Baby Boomers Dominate New Housing Trends
The largest American generation is either retired or quickly nearing retirement age. Baby boomers, the generation born between 1946 and 1964 and who number more than 76 million, may be getting older, but they definitely are not ready to head to the retirement home!
The boomer generation is more active than generations past, has a more sophisticated style and wants options in their homes. Whether they are selling the homes where they raised their children and heading to sunnier pastures or staying put and redesigning to accommodate their retired lifestyle, boomers are making an impact on new housing trends. Some features that home builders and remodelers are seeing as they begin to cater to the boomers include:
• Home Offices: Some boomers are choosing to work past the age of 65. As they transition from a traditional 9-to-5 job, however, they want home offices for flexibility. A second career or part-time employment often eliminate the hassle of commuting while keeping them active and bringing in supplementary income.
• Tech / Media Centers: The tech-savvy boomer generation wants top-ofthe-line amenities for their homes such as a media room with surround sound and central control systems, which manage all media sources in one location. The house may include a wireless home network (Wi-Fi), remote control lighting and security features.
• Wider Doors and Hallways: As a person ages, there is a likelihood that use of a wheelchair might become a necessity. Designing a home that is livable now but can transition and be functional as the occupant ages is important to ensure that the home will be a good long-term investment. Wider doors and hallways are useful for moving larger furniture today, and will also be wheelchair-accessible tomorrow.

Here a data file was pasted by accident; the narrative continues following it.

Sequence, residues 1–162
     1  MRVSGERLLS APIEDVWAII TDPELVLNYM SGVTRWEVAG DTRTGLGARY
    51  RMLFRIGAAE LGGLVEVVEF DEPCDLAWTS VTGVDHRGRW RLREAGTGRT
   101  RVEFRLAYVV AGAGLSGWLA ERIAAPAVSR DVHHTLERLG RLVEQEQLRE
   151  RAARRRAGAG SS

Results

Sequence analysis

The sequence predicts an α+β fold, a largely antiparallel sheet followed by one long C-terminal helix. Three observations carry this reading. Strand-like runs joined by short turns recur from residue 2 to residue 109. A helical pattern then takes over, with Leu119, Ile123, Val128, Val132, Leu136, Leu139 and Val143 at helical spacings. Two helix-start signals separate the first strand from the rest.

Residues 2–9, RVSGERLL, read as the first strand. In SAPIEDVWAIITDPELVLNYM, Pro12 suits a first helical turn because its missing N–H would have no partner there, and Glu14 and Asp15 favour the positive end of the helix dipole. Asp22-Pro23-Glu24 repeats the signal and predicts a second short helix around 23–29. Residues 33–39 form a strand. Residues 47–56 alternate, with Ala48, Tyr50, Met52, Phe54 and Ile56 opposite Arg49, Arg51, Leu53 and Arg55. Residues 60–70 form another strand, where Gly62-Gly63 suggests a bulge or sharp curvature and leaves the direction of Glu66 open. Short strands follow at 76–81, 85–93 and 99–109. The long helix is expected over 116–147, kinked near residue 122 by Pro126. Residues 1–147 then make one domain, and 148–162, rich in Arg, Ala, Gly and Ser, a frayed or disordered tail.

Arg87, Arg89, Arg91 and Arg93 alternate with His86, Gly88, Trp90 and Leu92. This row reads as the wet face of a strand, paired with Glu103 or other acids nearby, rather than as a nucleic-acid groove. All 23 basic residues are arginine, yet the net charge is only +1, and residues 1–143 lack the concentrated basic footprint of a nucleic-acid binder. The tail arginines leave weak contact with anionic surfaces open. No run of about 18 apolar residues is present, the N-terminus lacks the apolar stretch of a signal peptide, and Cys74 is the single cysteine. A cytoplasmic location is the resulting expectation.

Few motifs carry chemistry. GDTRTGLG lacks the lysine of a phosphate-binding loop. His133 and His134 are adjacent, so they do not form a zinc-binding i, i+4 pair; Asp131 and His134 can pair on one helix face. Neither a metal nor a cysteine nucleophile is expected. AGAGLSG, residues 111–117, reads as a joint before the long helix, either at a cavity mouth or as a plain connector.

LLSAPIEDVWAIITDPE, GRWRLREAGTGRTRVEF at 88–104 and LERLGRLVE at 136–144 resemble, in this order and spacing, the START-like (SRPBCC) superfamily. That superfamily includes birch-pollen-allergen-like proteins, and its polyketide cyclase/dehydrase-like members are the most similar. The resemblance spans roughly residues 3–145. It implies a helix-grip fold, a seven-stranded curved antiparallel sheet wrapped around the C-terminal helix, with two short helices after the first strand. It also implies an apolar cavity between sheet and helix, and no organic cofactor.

• Better Lighting / Bigger Windows: To accommodate the need for more lighting as we get older, builders are adding more windows and making them larger to let in more natural light. They also are adding more light fixtures under cabinets and in stairwells. Multiple switches to reduce the number of trips and dimmer controls to eliminate glare are other options.
• First-Floor Bedrooms and Bathrooms: More than 40 percent of new homes have master suites downstairs, a 15 percent increase from more than a decade ago. Boomers not wishing to go up and down stairs with bad knees and aching backs have helped fuel this trend. The bedrooms are also bigger, with larger walk-in closets and bathrooms that have a separate tub, shower and dual sinks.
• Easy to Maintain Exteriors / Landscaping: Yard work, painting and other landscaping chores may no longer be enjoyable to aging homeowners. People who move to a new home when they retire may opt for a maintenance-free community. Those who choose to stay in their homes might make improvements to exterior surfaces such as installing stucco, brick or low-maintenance siding. Lawns are being replaced with living patios, decorative landscaping or flower beds.
• Flex Space: “Flex space” has become more prevalent in both new homes and remodeling. Flex spaces are rooms that take on the purpose of the present home owner’s needs but can adjust with changes as they occur. This allows homeowners to stay in their homes longer as it continues to serve their needs throughout life’s stages.
To find a Certified Active Adult Specialist in Housing (CAASH) or Certified Aging-in-Place Specialist (CAPS) in your area, contact Building Industry Association of Hawaii at www.biahawaii.org.
Karen Nakamura is executive vice president / CEO of the Building Industry Association of Hawaii.